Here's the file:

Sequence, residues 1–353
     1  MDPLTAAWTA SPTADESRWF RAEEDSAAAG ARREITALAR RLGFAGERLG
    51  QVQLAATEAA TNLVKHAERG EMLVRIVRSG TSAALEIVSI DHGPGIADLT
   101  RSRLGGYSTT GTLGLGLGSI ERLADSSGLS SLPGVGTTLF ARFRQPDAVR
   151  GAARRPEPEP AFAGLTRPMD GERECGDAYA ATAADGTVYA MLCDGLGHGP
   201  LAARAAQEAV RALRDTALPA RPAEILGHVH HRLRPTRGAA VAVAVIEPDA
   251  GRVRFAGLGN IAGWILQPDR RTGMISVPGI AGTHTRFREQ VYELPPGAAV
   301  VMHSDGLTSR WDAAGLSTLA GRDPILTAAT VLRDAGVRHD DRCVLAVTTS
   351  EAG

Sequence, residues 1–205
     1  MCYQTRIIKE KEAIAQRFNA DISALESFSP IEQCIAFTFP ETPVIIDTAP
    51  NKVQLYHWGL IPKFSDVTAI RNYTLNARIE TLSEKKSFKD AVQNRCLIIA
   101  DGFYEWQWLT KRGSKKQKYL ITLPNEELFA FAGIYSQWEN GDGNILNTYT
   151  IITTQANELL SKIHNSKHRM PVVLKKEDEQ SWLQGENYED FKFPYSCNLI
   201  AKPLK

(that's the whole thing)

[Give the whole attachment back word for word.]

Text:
Sequence, residues 1–353
     1  MDPLTAAWTA SPTADESRWF RAEEDSAAAG ARREITALAR RLGFAGERLG
    51  QVQLAATEAA TNLVKHAERG EMLVRIVRSG TSAALEIVSI DHGPGIADLT
   101  RSRLGGYSTT GTLGLGLGSI ERLADSSGLS SLPGVGTTLF ARFRQPDAVR
   151  GAARRPEPEP AFAGLTRPMD GERECGDAYA ATAADGTVYA MLCDGLGHGP
   201  LAARAAQEAV RALRDTALPA RPAEILGHVH HRLRPTRGAA VAVAVIEPDA
   251  GRVRFAGLGN IAGWILQPDR RTGMISVPGI AGTHTRFREQ VYELPPGAAV
   301  VMHSDGLTSR WDAAGLSTLA GRDPILTAAT VLRDAGVRHD DRCVLAVTTS
   351  EAG

Sequence, residues 1–205
     1  MCYQTRIIKE KEAIAQRFNA DISALESFSP IEQCIAFTFP ETPVIIDTAP
    51  NKVQLYHWGL IPKFSDVTAI RNYTLNARIE TLSEKKSFKD AVQNRCLIIA
   101  DGFYEWQWLT KRGSKKQKYL ITLPNEELFA FAGIYSQWEN GDGNILNTYT
   151  IITTQANELL SKIHNSKHRM PVVLKKEDEQ SWLQGENYED FKFPYSCNLI
   201  AKPLK